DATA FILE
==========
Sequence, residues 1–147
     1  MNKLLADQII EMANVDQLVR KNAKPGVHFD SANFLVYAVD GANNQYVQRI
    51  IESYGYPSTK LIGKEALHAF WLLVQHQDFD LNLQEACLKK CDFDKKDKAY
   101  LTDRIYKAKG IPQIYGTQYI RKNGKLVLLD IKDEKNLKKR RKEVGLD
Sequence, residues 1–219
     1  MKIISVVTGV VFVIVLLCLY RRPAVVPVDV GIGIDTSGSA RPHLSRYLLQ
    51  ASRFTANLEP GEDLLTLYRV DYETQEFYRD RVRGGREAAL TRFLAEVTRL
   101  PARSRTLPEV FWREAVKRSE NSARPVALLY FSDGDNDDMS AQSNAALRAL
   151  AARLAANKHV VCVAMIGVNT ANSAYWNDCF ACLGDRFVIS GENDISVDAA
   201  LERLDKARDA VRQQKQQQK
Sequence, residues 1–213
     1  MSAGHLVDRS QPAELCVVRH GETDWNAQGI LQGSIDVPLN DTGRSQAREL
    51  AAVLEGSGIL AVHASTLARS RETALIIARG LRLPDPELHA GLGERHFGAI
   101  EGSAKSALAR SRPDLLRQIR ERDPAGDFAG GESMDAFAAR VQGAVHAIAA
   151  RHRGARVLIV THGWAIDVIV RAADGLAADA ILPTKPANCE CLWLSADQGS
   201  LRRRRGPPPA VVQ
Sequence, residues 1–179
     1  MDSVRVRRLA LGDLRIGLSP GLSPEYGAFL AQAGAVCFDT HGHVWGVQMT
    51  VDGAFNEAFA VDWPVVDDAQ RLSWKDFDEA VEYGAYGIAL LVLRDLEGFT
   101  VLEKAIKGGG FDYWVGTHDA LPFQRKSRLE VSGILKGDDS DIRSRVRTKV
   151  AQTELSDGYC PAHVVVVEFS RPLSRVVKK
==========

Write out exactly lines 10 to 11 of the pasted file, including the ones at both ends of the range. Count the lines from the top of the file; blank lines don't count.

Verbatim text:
   201  LERLDKARDA VRQQKQQQK
Sequence, residues 1–213